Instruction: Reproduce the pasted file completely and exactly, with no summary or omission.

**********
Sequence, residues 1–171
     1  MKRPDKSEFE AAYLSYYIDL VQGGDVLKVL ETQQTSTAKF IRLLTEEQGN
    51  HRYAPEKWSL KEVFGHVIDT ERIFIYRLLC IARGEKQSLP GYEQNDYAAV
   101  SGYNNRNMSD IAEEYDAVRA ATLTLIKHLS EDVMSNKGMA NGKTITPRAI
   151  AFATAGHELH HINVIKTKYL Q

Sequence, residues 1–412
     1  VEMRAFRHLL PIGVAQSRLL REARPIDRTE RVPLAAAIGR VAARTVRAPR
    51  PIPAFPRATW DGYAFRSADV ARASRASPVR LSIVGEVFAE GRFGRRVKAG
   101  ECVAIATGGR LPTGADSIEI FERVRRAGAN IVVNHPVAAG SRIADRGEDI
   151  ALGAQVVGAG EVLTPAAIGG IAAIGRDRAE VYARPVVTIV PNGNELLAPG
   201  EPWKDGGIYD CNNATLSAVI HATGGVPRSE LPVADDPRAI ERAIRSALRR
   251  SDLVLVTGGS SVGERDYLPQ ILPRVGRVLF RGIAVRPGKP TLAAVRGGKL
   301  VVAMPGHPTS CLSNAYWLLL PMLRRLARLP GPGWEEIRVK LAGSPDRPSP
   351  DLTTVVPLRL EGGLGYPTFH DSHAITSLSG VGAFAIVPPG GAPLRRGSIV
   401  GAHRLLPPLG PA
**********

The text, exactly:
Sequence, residues 1–171
     1  MKRPDKSEFE AAYLSYYIDL VQGGDVLKVL ETQQTSTAKF IRLLTEEQGN
    51  HRYAPEKWSL KEVFGHVIDT ERIFIYRLLC IARGEKQSLP GYEQNDYAAV
   101  SGYNNRNMSD IAEEYDAVRA ATLTLIKHLS EDVMSNKGMA NGKTITPRAI
   151  AFATAGHELH HINVIKTKYL Q

Sequence, residues 1–412
     1  VEMRAFRHLL PIGVAQSRLL REARPIDRTE RVPLAAAIGR VAARTVRAPR
    51  PIPAFPRATW DGYAFRSADV ARASRASPVR LSIVGEVFAE GRFGRRVKAG
   101  ECVAIATGGR LPTGADSIEI FERVRRAGAN IVVNHPVAAG SRIADRGEDI
   151  ALGAQVVGAG EVLTPAAIGG IAAIGRDRAE VYARPVVTIV PNGNELLAPG
   201  EPWKDGGIYD CNNATLSAVI HATGGVPRSE LPVADDPRAI ERAIRSALRR
   251  SDLVLVTGGS SVGERDYLPQ ILPRVGRVLF RGIAVRPGKP TLAAVRGGKL
   301  VVAMPGHPTS CLSNAYWLLL PMLRRLARLP GPGWEEIRVK LAGSPDRPSP
   351  DLTTVVPLRL EGGLGYPTFH DSHAITSLSG VGAFAIVPPG GAPLRRGSIV
   401  GAHRLLPPLG PA